“When you have people who invest (in news), like Brian Jarvis … he’s investing in a lot of small-town newspapers, and that’s great, because it’s helping them survive and continue to do what they need to do, which is to keep their community bound and connected to one another. I think the future of the newspaper is dicey as far as how it is handed out to folks, but I don’t think the need for it is that dicey. I think that will continue for quite a long time, and I have much more confidence in that now than I did 10 years ago.”

The Internet 

The newspaper has solid market penetration, with a circulation of “up to” 9,000 in a county with a population of approximately 30,000 people. Like any other news outlet in the country, how people consume their news is changing. To react, The Garrett County Republican has tried a number of methods regarding its online presence.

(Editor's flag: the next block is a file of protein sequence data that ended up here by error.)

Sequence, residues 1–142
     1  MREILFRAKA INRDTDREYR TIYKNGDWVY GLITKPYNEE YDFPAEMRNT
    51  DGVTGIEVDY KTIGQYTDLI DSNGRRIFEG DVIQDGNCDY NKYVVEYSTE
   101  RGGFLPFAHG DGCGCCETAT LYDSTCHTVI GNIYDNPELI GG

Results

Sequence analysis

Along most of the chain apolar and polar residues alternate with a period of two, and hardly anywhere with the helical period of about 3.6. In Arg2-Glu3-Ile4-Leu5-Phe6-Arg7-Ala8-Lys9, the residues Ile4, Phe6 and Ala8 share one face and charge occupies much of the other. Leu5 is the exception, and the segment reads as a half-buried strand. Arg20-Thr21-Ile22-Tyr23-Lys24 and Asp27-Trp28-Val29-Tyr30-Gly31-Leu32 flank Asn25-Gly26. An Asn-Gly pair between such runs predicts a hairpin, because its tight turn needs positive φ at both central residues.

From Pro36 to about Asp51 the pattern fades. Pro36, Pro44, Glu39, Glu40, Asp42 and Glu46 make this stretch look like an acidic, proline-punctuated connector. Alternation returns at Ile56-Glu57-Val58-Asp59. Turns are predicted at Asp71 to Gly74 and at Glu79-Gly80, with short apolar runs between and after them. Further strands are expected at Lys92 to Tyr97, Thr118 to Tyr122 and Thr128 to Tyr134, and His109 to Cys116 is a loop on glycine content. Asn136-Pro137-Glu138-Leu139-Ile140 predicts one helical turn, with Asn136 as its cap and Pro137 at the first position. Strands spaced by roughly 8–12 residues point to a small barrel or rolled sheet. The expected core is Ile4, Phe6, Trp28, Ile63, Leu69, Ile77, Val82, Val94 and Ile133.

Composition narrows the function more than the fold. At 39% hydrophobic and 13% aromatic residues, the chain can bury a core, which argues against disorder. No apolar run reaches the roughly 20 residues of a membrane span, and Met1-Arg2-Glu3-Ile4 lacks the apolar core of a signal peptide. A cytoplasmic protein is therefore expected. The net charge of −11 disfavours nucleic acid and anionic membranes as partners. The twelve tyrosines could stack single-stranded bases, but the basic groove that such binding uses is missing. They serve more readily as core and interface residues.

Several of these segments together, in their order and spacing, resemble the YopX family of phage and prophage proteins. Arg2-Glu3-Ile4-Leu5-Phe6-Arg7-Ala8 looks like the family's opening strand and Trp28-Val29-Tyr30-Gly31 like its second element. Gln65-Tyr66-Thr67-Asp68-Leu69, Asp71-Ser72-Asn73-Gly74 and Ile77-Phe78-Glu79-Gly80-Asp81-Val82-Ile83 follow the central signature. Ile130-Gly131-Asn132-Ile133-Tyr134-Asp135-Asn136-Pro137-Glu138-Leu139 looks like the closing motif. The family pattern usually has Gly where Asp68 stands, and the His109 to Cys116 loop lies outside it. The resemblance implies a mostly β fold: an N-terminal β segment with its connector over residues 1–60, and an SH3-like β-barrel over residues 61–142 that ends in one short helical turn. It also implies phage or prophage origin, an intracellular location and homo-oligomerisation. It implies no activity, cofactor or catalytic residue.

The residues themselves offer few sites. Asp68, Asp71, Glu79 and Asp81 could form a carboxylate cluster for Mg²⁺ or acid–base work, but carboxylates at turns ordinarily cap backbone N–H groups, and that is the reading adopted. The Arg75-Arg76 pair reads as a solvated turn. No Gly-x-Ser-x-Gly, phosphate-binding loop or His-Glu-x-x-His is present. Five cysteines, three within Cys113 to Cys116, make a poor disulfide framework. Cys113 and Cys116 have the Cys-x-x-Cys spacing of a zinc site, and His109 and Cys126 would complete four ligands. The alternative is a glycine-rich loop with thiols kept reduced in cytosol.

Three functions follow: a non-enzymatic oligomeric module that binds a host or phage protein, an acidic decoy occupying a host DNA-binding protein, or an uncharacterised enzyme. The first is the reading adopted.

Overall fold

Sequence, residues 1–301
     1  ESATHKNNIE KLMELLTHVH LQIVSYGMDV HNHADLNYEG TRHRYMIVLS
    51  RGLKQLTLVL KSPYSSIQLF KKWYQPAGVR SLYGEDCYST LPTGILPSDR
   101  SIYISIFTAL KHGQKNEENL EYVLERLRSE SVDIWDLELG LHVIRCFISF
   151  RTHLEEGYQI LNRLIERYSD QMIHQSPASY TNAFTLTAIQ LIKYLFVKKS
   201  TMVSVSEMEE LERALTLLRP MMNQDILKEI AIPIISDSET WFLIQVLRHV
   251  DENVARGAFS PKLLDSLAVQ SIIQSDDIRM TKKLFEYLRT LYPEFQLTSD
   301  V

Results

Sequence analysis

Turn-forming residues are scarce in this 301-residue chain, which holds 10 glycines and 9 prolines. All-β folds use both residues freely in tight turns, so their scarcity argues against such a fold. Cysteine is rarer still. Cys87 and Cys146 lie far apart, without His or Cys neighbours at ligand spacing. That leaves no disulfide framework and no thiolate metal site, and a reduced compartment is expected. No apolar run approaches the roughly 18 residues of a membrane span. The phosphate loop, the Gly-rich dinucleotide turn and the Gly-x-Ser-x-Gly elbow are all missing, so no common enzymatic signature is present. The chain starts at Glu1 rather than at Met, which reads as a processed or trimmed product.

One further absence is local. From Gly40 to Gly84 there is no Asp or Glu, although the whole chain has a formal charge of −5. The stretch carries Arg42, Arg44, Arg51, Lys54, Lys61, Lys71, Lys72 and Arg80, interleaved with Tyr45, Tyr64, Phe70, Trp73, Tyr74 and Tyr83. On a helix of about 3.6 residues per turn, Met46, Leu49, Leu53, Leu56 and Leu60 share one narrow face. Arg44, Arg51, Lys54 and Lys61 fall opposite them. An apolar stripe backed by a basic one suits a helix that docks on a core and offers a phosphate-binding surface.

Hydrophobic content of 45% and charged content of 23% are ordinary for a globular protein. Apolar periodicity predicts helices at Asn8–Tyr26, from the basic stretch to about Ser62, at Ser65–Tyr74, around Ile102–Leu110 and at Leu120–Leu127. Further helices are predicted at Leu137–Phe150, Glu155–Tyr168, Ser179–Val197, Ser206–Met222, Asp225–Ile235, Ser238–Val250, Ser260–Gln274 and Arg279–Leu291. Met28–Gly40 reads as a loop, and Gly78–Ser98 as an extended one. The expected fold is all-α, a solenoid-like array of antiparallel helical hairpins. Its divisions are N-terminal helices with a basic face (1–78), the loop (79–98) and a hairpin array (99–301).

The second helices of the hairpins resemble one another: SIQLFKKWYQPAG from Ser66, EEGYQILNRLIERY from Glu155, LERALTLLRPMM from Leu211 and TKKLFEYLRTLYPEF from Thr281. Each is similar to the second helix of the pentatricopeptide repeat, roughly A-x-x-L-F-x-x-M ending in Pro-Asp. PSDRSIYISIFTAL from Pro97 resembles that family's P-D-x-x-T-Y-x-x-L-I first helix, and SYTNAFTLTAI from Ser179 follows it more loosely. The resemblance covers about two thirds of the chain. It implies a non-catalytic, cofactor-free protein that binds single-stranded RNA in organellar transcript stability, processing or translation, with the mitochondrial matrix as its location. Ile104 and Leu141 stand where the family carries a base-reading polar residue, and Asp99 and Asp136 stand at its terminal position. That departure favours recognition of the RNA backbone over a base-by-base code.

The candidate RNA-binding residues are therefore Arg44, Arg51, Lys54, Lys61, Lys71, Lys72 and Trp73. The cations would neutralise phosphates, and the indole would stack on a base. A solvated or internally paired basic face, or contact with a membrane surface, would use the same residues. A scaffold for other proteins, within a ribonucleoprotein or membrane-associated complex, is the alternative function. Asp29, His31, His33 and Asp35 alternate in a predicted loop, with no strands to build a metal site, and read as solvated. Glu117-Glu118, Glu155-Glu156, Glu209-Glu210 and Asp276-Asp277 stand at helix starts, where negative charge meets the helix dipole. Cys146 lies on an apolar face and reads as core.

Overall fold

Since the transition to NCWV Media ownership, The Garrett County Republican no longer has its own URL. Instead, its online content is hosted under NCWV Media’s flagship paper, The Exponent Telegram in Clarksburg, W.Va., specifically,

“A lot of people were saying … what is ‘theet’,” McEwen recalled when the online transition began. Yes, I think it’s caused confusion. We’ve written about it. It’s set up so that anybody going to the (old URL) goes directly (to the new one). People are getting used to it, slowly.”

There is no pay wall now. All stories are posted online at no cost to readers.

“I have huge mixed feelings,” McEwen said of that approach, which differs from the online subscriptions the paper used to sell. “I’m probably not the best spokesperson. Being in the family makes me … digging my heels in a little bit.”

Having no pay wall is a concern, she said.

“We had people who were subscribers, and they paid. Now they whole thing’s on there. The plan is to make it go back to a pay wall in some time, when they’ve attracted a lot of people. I don’t know if they’ll really do that.”

McEwen catches herself, and stops short.

“I’m not even supposed to be saying ‘they.’ I’m supposed to be saying ‘we‘.”

Back to the issue at hand.